Dismiss
Announcing Stack Overflow Documentation

We started with Q&A. Technical documentation is next, and we need your help.

Whether you're a beginner or an experienced developer, you can contribute.

Sign up and start helping → Learn more about Documentation →

This should be easy: I want to run sed against a literal string, not an input file. If you wonder why, it is to, for example edit values stored in variables, not necessarily text data.

When I do:

sed 's/,/','/g' "A,B,C"

where A,B,C is the literal which I want to change to A','B','C

I get

Can't open A,B,C

As though it thinks A,B,C is a file.

I tried piping it to echo:

echo "A,B,C" | sed 's/,/','/g' 

I get a prompt.

What is the right way to do it?

share|improve this question
up vote 59 down vote accepted

You have a single quotes conflict, so use:

 echo "A,B,C" | sed "s/,/','/g"

If using , you can do too (<<< is a here-string):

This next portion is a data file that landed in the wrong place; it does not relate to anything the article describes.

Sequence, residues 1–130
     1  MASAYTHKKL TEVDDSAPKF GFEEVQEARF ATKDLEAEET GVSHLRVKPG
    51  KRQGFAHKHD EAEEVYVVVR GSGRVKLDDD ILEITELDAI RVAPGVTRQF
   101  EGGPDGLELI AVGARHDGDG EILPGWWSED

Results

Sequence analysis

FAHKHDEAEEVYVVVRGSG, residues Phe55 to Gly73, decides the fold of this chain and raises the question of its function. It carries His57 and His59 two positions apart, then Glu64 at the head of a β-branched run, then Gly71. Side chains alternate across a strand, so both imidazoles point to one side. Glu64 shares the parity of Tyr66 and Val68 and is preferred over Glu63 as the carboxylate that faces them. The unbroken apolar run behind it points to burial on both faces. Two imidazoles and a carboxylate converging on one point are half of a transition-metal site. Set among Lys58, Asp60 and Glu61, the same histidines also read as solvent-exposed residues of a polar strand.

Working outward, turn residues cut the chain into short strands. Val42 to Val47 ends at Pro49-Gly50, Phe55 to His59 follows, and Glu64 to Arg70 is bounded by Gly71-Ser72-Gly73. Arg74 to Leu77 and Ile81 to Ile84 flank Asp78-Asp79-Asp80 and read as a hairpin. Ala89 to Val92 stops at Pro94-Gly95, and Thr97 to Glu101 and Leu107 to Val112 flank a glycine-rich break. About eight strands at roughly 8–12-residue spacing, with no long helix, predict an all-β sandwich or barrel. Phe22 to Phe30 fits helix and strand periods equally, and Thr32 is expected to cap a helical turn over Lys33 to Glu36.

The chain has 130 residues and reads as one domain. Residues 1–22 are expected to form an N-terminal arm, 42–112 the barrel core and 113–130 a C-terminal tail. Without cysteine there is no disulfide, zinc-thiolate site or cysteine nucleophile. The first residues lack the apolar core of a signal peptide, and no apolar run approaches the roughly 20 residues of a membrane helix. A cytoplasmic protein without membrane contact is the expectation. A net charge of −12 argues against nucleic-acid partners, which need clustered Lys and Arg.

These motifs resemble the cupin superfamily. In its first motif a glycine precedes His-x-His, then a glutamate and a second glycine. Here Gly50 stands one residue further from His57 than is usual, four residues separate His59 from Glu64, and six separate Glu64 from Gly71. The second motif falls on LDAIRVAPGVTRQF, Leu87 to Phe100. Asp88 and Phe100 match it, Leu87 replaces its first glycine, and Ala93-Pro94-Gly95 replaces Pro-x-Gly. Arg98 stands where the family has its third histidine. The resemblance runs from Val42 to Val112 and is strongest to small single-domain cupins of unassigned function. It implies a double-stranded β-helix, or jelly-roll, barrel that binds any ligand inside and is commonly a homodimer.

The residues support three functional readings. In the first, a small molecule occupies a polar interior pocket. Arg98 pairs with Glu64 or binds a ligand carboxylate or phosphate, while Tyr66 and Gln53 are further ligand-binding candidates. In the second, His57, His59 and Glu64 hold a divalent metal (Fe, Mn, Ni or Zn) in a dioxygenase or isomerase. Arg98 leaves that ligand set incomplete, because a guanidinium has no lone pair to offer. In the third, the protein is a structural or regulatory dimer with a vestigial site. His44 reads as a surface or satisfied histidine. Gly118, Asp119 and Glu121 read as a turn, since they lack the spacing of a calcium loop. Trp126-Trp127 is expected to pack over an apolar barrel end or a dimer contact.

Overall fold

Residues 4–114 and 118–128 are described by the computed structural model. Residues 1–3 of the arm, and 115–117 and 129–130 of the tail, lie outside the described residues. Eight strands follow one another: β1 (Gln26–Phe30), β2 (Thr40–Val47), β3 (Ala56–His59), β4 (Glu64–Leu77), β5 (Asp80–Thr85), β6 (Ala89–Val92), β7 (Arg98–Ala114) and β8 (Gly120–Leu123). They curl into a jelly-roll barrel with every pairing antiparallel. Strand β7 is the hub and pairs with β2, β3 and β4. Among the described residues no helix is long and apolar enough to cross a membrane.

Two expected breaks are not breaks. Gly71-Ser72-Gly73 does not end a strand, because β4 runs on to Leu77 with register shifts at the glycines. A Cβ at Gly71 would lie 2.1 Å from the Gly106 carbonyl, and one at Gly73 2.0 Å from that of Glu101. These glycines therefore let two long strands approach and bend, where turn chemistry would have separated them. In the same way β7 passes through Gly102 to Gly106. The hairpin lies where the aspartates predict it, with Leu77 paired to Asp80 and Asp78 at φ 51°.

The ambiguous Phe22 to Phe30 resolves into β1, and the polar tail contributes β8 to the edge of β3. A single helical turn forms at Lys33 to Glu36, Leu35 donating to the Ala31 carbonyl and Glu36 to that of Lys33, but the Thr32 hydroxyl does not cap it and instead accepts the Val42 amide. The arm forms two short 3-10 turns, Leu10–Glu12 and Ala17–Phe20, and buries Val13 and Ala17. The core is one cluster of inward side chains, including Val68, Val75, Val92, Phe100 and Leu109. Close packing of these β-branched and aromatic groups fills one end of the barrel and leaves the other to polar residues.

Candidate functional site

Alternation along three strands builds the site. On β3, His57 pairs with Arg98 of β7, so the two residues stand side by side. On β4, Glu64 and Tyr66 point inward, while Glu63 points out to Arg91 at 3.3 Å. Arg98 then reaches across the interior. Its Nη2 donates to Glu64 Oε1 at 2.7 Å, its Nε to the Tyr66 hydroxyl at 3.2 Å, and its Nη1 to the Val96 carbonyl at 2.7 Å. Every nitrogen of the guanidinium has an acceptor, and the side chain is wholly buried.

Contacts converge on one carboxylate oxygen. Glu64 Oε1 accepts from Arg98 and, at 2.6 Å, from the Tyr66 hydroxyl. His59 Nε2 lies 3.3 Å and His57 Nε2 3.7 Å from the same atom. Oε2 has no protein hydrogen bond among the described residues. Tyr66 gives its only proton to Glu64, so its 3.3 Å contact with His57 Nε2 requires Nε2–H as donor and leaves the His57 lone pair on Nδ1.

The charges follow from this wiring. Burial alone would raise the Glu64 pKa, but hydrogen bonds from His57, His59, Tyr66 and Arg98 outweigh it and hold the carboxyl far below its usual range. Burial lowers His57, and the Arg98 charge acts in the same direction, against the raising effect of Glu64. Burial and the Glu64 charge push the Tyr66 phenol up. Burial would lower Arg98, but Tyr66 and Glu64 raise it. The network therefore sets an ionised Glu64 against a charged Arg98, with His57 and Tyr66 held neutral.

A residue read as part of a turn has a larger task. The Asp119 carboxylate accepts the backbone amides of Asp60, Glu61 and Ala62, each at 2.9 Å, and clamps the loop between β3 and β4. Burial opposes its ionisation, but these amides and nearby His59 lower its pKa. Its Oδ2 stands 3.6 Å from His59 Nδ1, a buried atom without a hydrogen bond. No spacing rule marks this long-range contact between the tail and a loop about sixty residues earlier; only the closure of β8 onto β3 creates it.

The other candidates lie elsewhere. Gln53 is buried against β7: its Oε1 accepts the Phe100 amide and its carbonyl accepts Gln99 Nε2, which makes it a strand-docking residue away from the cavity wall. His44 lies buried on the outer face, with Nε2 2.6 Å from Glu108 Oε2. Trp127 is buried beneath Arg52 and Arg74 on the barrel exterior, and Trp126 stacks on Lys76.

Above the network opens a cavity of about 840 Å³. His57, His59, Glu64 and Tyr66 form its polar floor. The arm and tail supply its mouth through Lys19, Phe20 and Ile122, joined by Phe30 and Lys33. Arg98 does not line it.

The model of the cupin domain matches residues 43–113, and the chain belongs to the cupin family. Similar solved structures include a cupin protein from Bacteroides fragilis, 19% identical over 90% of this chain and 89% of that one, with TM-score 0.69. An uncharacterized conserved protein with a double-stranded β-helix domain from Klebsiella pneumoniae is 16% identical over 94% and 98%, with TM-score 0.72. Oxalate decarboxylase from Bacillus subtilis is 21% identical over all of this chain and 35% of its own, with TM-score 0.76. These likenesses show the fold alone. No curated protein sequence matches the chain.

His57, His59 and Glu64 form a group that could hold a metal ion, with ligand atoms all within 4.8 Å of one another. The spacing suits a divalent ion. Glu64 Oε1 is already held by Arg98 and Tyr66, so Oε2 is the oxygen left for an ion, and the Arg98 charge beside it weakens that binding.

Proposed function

sed "s/,/','/g" <<< "A,B,C"

but not

sed "s/,/','/g"  "A,B,C"

because sed expect file(s) as argument(s)

EDIT:

if you use or any other ones :

echo string | sed ...
share|improve this answer

Works like you want:

echo "A,B,C" | sed s/,/\',\'/g
share|improve this answer

My version using variables in a bash script:

Find any backslashes and replace with forward slashes:

input="This has a backslash \\"

output=$(echo "$input" | sed 's,\\,/,g')

echo "$output"
share|improve this answer

Your Answer

 
discard

By posting your answer, you agree to the privacy policy and terms of service.

Not the answer you're looking for? Browse other questions tagged or ask your own question.